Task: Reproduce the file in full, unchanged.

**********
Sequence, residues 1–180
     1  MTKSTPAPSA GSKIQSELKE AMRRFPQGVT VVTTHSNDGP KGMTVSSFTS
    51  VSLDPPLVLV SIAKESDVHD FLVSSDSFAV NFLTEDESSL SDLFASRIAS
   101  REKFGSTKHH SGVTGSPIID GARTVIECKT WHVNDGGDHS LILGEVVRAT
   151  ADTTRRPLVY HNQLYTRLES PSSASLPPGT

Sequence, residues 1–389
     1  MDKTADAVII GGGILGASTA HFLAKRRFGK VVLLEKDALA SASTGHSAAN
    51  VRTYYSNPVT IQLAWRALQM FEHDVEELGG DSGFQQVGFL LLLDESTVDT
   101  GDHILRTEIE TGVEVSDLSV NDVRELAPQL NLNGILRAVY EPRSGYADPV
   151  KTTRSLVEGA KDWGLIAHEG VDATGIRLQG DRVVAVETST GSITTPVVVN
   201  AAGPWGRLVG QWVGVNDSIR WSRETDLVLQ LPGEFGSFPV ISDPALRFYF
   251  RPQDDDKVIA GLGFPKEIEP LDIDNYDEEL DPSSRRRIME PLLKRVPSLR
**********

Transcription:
Sequence, residues 1–180
     1  MTKSTPAPSA GSKIQSELKE AMRRFPQGVT VVTTHSNDGP KGMTVSSFTS
    51  VSLDPPLVLV SIAKESDVHD FLVSSDSFAV NFLTEDESSL SDLFASRIAS
   101  REKFGSTKHH SGVTGSPIID GARTVIECKT WHVNDGGDHS LILGEVVRAT
   151  ADTTRRPLVY HNQLYTRLES PSSASLPPGT

Sequence, residues 1–389
     1  MDKTADAVII GGGILGASTA HFLAKRRFGK VVLLEKDALA SASTGHSAAN
    51  VRTYYSNPVT IQLAWRALQM FEHDVEELGG DSGFQQVGFL LLLDESTVDT
   101  GDHILRTEIE TGVEVSDLSV NDVRELAPQL NLNGILRAVY EPRSGYADPV
   151  KTTRSLVEGA KDWGLIAHEG VDATGIRLQG DRVVAVETST GSITTPVVVN
   201  AAGPWGRLVG QWVGVNDSIR WSRETDLVLQ LPGEFGSFPV ISDPALRFYF
   251  RPQDDDKVIA GLGFPKEIEP LDIDNYDEEL DPSSRRRIME PLLKRVPSLR